A Common Mechanism for Perceptual Reversals in Motion-Induced Blindness, the Troxler Effect, and Perceptual Filling-In.
Several striking visual phenomena involve a physically present stimulus that alternates between being perceived and being "invisible." For example, motion-induced blindness, the Troxler effect, and perceptual filling-in all consist of subjective alternations where an item repeatedly changes from being seen to unseen. In the present study, we explored whether these three specific visual phenomena share any commonalities in their alternation rates and patterns to better understand the mechanisms of each. Data from 69 individuals revealed moderate to strong correlations across the three phenomena for the number of perceptual disappearances and the accumulated duration of the disappearances. Importantly, these effects were not correlated with eye movement patterns (saccades) assessed through eye tracking, differences in motion sensitivity as indexed by dot coherence and speed perception thresholds, or simple reaction time abilities. Principal component analyses revealed a single component that explained 67% of the variance for the number of perceptual reversals and 60% for the accumulated duration of the disappearances. The temporal dynamics of illusory disappearances was also compared for each phenomenon, and normalized durations of disappearances were well fit by a gamma distribution with similar shape parameters for each phenomenon, suggesting that they may be driven by a single oscillatory mechanism.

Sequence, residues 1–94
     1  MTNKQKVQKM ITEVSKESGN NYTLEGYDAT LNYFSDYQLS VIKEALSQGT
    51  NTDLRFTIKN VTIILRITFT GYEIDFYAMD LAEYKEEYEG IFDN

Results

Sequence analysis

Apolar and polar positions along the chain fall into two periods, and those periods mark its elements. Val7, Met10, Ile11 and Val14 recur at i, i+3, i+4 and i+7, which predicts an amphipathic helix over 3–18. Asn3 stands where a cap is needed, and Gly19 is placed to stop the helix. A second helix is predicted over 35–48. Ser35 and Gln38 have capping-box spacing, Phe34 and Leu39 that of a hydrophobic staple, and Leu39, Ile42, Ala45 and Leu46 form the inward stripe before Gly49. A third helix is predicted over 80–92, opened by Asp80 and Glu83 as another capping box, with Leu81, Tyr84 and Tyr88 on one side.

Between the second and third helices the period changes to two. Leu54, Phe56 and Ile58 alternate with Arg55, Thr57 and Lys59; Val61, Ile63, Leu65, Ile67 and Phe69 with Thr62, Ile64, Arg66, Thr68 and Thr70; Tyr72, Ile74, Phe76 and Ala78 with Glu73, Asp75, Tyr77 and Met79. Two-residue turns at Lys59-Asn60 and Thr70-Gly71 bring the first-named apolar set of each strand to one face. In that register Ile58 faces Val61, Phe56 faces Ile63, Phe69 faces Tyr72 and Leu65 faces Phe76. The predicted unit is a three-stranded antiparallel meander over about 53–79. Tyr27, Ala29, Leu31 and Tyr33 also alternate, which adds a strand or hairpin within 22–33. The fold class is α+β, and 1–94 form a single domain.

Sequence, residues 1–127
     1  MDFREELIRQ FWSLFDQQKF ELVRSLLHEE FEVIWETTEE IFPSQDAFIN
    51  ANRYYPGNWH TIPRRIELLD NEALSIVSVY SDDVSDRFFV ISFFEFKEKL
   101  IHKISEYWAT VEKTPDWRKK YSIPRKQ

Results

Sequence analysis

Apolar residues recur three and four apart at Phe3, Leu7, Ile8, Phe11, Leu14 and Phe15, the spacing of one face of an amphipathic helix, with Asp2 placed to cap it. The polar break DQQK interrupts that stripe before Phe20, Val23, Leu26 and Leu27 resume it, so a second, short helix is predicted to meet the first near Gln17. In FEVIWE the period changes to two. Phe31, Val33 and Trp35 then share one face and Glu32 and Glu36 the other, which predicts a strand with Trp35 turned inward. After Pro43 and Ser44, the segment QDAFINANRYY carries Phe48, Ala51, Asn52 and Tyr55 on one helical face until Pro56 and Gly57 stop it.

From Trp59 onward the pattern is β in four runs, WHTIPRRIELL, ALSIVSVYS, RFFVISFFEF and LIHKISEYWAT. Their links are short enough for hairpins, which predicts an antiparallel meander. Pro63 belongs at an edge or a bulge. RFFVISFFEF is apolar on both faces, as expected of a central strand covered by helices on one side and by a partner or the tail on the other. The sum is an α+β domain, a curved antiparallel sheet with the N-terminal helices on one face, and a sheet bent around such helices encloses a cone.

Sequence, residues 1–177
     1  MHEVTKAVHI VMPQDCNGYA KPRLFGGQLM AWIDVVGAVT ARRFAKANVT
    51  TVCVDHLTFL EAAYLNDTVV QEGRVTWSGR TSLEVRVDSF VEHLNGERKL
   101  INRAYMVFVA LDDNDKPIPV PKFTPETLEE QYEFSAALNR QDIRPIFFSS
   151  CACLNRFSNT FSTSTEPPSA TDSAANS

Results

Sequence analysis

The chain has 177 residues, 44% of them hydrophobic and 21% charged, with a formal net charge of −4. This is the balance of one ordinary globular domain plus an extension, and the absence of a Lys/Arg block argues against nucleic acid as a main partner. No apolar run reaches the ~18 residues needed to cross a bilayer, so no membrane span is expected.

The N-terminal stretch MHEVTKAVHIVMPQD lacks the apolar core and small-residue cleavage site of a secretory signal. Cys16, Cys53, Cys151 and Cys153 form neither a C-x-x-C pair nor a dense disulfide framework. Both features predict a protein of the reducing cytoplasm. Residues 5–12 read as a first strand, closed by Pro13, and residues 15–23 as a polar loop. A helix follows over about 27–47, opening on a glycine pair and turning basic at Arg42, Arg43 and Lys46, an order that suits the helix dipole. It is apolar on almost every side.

Devyatko, D; Appelbaum, LG; Mitroff, SR
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